“Bite-Size Bits of Local, National, and Global History”
“Bite-Size Bits of Local, National, and Global History”
New Orleans in Orleans Parish, Louisiana — The American South (West South Central)

General John Bell Hood, CSA

General John Bell Hood, CSA Marker image. Click for full size.
Photographed By Cajun Scrambler, September 11, 2020
1. General John Bell Hood, CSA Marker
John Bell Hood was born June 29, 1831, in Owingsville, Kentucky, and was reared in Mt. Sterling, Kentucky. After graduating from West Point in 1853, he served in the elite U.S. 2nd Cavalry Regiment on the Texas frontier. In 1861, he joined the Confederate Army. He was promoted to brigadier general in 1862 and commanded the renowned Hood's Texas Brigade under Gen. Robert E. Lee at the important Confederate victories at Gaines' Mill (Seven Days Battles) and 2nd Manassas (Battle of 2nd Bull Run). He held the critical Confederate left flank at Miller's Cornfield at Antietam, after which he was promoted to major general by Thomas J. ("Stonewall") Jackson. In July 1863, while serving as a division commander at Gettysburg, he was severely wounded and forever lost the use of his left arm. In September 1863, while leading a decisive Confederate victory at Chickamauga, Georgia, Hood was again severely wounded and lost his right leg. Promoted to lieutenant general by Gen. James Longstreet, he returned to duty in 1864 in north Georgia under Gen. Joseph Johnston, as corps commander. He succeeded Johnston as commander of the Army of Tennessee
General John Bell Hood, CSA Marker image. Click for full size.
Photographed By Cajun Scrambler, September 11, 2020
2. General John Bell Hood, CSA Marker
Click or scan to see
this page online
and was temporarily promoted to full general in July 1864. In November, in an unsuccessful attempt to draw Union Gen. William T. Sherman from his March to the Sea, Hood led the Army of Tennessee in an invasion of that state. After decisive defeats at Franklin and Nashville, he retreated to Tupelo, Mississippi. In January 1865, he resigned command. He surrendered to Union authorities at Natchez, Mississippi, on May 31, 1865. After the war, Hood set up residence in New Orleans, where on April 30, 1868, he married Anna Marie Hennen, with whom he fathered 11 children. He died of yellow fever on August 30, 1879, within days of his wife and eldest child. Seven families in 5 different states adopted the surviving orphans. Hood was buried in the Garden District's Lafayette Cemetery, but was moved to this location in 1927.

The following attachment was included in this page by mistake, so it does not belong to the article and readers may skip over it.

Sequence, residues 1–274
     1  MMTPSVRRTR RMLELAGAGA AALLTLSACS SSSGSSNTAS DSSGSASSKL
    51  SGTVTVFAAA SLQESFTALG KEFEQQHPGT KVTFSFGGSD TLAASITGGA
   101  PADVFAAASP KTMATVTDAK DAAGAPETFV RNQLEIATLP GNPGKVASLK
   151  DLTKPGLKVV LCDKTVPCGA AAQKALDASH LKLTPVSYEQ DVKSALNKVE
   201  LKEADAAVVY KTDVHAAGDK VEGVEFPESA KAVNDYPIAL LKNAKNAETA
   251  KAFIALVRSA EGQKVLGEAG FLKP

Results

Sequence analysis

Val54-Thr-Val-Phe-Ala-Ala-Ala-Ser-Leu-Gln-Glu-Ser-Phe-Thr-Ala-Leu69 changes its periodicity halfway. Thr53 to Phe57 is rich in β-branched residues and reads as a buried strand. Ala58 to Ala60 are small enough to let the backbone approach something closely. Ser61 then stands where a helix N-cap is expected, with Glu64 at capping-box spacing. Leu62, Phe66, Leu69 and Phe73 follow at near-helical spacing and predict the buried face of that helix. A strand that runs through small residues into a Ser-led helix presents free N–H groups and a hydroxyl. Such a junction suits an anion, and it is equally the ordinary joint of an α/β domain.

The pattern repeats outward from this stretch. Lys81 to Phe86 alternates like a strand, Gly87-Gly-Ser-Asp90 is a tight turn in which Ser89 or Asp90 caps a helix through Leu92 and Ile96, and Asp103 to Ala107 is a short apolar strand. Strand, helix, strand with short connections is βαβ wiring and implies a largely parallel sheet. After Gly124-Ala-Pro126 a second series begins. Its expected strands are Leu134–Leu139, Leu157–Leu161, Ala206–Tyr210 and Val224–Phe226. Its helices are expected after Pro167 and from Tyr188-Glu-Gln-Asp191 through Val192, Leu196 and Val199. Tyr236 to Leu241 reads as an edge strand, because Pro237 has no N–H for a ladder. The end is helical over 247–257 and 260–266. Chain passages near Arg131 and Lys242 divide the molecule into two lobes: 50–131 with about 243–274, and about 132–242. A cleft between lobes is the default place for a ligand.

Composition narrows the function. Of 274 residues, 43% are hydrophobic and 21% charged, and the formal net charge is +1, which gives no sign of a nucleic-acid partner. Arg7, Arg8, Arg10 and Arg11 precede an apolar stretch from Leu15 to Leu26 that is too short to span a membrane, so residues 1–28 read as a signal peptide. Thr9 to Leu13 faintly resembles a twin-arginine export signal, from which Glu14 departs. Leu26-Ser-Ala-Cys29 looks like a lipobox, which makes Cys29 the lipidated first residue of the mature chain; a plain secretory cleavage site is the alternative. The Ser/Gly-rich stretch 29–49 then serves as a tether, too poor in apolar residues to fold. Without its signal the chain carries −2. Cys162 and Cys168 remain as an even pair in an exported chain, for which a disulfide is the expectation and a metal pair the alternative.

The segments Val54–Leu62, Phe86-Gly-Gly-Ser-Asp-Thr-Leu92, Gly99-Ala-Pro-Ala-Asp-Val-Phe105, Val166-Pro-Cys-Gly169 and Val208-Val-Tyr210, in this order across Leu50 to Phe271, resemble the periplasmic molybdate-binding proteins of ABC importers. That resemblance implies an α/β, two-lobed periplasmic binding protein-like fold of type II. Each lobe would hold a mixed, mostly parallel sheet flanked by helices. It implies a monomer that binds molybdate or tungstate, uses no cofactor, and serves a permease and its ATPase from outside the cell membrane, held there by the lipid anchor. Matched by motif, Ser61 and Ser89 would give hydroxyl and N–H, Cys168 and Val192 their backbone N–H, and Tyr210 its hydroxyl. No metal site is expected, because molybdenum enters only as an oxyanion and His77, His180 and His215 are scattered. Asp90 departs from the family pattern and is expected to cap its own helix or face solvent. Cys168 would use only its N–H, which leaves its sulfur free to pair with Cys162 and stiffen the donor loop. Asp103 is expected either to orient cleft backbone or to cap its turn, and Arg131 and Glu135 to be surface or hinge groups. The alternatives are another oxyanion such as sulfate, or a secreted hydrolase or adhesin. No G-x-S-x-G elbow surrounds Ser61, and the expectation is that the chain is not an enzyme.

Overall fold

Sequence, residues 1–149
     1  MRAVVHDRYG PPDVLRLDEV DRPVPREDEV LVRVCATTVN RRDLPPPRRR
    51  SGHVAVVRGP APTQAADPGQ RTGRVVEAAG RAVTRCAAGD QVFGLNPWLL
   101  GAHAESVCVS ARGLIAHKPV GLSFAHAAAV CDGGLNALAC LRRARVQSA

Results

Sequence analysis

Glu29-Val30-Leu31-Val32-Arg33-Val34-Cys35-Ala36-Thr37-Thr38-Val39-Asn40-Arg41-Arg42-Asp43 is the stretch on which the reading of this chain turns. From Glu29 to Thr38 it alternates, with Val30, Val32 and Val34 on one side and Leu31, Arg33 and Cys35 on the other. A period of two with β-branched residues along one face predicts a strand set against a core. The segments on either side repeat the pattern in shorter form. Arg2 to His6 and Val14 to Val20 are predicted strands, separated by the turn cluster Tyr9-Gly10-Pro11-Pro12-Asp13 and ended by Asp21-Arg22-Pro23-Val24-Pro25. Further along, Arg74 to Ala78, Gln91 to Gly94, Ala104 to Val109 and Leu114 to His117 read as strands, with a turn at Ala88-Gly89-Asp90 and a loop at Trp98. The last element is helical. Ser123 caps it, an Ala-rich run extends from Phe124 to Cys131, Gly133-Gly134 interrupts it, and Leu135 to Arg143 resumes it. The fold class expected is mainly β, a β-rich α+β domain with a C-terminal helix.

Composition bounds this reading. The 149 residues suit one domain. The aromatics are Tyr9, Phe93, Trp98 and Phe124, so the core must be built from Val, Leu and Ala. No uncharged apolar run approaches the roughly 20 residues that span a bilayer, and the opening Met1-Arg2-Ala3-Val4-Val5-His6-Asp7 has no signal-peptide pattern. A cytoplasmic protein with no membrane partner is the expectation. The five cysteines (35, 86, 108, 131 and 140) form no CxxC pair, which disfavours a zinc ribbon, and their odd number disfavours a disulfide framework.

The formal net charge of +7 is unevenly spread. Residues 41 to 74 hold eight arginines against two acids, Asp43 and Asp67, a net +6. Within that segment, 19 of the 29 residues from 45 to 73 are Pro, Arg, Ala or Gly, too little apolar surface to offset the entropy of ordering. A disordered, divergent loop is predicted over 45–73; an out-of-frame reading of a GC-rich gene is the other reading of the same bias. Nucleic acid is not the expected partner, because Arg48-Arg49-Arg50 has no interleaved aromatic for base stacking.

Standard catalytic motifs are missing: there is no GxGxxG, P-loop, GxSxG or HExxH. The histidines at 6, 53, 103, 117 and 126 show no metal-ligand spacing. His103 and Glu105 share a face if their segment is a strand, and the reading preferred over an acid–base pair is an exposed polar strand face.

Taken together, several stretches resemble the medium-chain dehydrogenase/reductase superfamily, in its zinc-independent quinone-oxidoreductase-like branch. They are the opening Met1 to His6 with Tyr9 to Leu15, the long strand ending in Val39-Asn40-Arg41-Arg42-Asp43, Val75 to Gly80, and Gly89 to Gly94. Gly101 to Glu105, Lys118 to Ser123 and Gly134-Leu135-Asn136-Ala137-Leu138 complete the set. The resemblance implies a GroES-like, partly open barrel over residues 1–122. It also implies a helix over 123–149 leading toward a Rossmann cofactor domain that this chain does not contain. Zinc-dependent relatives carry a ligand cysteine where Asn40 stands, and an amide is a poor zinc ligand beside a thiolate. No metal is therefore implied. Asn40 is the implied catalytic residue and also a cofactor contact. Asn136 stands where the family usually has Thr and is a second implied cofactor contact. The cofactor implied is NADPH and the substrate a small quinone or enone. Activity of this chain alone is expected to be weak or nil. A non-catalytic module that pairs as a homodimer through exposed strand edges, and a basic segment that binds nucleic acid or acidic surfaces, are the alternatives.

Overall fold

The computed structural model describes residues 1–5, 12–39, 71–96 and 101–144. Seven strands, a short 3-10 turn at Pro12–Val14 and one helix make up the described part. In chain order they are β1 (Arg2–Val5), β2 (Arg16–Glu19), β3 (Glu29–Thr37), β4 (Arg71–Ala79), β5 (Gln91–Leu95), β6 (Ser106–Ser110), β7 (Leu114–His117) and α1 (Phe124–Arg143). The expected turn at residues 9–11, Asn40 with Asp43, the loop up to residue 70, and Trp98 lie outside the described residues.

Topics. This historical marker is listed in these topic lists: HeroesMilitaryWar, US Civil.
Location. 29° 58.942′ N, 90° 7.263′ W. Marker is in New Orleans, Louisiana, in Orleans Parish. Marker can be reached from Avenue L near Avenue D, on the right when traveling west. Touch for map. Marker is in this post office area: New Orleans LA 70124, United States of America. Touch for directions.
Other nearby markers. At least 8 other markers are within walking distance of this marker. William Charles Cole Claiborne (approx. ¼ mile away); Metairie Cemetery (approx. ¼ mile away); Chartier Concession
General John Bell Hood image. Click for full size.
Public domain (US-PD)
3. General John Bell Hood
(approx. 0.3 miles away); City Of Metairie Ridge (approx. 0.3 miles away); a different marker also named Metairie Cemetery (approx. 0.3 miles away); The New Orleans Katrina Memorial (approx. 0.6 miles away); Charity Hospital Cemetery (approx. 0.6 miles away); Jefferson Parish (approx. ¾ mile away). Touch for a list and map of all markers in New Orleans.
More about this marker. Located in the Metairie Cemetery, Marker is in first row after Avenue D circle, off Avenue L, directly behind the Brunswig pyramid tomb.
Credits. This page was last revised on October 10, 2020. It was originally submitted on October 10, 2020, by Cajun Scrambler of Assumption, Louisiana. This page has been viewed 155 times since then and 30 times this year. Photos:   1, 2. submitted on October 10, 2020, by Cajun Scrambler of Assumption, Louisiana.   3. submitted on October 10, 2020.

Share this page.  
Share on Tumblr

Paid Advertisements

May. 26, 2022